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Islandview Early Childhood Education Center

PROJ. TYPE

YEAR

INSTITUTIONAL (Conceptual)

2019

LOCATION

TEAM

Detroit, Michigan, USA

Sam Luong

Inspired by Motown and how music impacts the development of children between the ages 0 to Pre-K, an early childhood education center in the suburbs of Detroit was therefore conceived.

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To maximize the small site, the ECEC took on an efficient building form by dividing its functions into three architectural parts:

  • the West Wing, which comprises of only classrooms;

  • the Atrium, located in the center that connects all three levels together in a north-south axis; and

  • the East Wing, which contains an Auditorium, admin offices, and the children's Play Space

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Cladded in corten steel, a rainscreen metal panel system dominates the ECEC's facade aesthetic.

 

The warm tones of corten steel, coupled with the playful use of repetitive musical frit patterns, represents how young children see and hear music during their musical discovery period.

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Safety and security are a major theme to the ECEC. As such, both Wings can only be accessed through the Atrium space along its primary North-South axis. A school bus drop off zone in front of the building also allows the young children to be picked up and dropped off to and from home directly.

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Upon arrival, one will notice that ground floor access is only limited to the admin offices, washrooms and the Auditorium. By restricting public access to the classrooms on the West Wing and the Play Space up above, the building's design is able to protect the children who attend the school.

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Perhaps one of the more interesting design elements of the ECEC are the six solar chimneys that impale the East Wing. Not only do they provide a sense of transparency to these stacked spaces, but the chimneys create negative spaces within the Play Space for children to hide and frolic around.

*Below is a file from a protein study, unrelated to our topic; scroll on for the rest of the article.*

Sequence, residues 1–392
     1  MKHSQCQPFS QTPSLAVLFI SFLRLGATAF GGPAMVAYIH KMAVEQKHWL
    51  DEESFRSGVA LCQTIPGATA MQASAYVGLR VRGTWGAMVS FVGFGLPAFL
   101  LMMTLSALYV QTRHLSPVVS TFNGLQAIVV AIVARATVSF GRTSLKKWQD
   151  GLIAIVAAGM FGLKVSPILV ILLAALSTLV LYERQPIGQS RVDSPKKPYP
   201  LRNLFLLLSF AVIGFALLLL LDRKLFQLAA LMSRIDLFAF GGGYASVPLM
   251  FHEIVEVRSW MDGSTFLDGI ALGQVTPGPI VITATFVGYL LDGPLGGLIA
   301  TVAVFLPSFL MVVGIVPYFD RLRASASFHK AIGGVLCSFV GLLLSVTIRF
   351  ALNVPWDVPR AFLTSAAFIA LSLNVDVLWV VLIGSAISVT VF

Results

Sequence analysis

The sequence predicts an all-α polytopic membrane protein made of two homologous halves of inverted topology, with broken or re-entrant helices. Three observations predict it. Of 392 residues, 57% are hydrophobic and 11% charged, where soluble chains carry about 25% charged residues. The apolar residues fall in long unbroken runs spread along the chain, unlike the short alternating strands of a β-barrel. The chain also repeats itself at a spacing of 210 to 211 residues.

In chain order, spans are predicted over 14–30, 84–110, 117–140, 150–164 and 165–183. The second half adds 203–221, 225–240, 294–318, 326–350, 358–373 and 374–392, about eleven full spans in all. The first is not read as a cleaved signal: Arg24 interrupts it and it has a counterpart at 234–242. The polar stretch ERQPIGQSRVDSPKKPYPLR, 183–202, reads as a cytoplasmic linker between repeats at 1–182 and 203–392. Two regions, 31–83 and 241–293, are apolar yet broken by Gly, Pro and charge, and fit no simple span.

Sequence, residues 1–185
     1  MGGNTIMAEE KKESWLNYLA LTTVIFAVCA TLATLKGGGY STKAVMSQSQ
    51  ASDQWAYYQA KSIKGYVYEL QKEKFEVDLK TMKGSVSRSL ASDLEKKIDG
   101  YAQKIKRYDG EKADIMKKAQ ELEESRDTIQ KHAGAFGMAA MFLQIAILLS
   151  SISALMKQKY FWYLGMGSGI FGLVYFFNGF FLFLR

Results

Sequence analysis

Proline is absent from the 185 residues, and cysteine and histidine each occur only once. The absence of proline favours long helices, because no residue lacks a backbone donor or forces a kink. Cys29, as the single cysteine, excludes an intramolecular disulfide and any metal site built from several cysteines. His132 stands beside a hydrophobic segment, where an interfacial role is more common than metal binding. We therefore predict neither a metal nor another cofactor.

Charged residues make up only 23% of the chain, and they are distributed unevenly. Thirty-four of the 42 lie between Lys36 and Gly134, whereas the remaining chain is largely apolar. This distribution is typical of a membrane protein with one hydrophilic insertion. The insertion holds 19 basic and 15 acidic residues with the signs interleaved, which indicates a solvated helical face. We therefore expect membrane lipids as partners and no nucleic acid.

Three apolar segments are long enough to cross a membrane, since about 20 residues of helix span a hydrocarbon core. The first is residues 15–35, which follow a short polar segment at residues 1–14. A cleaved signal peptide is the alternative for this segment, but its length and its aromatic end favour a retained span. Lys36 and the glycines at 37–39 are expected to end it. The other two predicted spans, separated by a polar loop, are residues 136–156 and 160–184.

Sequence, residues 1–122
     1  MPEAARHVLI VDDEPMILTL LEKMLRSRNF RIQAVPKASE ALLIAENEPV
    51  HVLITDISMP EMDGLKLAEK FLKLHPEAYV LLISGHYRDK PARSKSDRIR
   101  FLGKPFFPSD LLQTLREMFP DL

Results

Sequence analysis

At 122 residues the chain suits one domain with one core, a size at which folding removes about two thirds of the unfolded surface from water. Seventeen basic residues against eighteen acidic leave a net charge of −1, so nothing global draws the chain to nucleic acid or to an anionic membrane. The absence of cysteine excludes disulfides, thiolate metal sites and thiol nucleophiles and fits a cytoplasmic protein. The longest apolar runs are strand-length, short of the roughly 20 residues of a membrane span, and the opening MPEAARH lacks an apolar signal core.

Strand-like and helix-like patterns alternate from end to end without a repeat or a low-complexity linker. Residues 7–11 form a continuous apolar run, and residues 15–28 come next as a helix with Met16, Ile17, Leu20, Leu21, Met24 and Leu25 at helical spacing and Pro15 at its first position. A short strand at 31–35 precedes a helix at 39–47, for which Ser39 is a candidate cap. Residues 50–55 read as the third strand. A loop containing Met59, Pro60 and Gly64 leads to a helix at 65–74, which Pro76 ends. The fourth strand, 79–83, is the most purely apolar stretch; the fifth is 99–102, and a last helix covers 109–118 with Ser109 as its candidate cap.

Furthermore, these glazed chimneys allow children to experience Auditorium performances from a secured space, thus exposing them to music at every possible opportunity.

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From a Wellness and sustainability perspective, the solar chimneys naturally ventilate the Auditorium to provide thermal comfort. Since this area is heavily glazed with floor-to-ceiling curtain walls on three sides, it was imperative to design an energy efficient HVAC strategy.

On the West Wing, a comfortable school experience that embodied Wellness was the focus. Although these attributes are subtle, they are important environmental factors that contribute to the overall development and productivity of children. These features include:

  • high quality air via an energy efficient HVAC system;

  • potable water for drinking fountains that is integrated with a rainwater collection system;

  • ample daylight from high ceilings;

  • views to green bodies outside;

  • a green wall in the front entrance atrium;

  • encouraging staffs to use stairs for movement by expressing them near the Atrium's entrances

  • a thermally comfortable building by utilizing zoned spaces;

  • a water-tight and well insulated building envelope that supports thermal comfort;

  • a Smart Technology-driven origami ceiling tile that responds to acoustic levels in the classroom;

  • an improved mental well-being through the exposure of music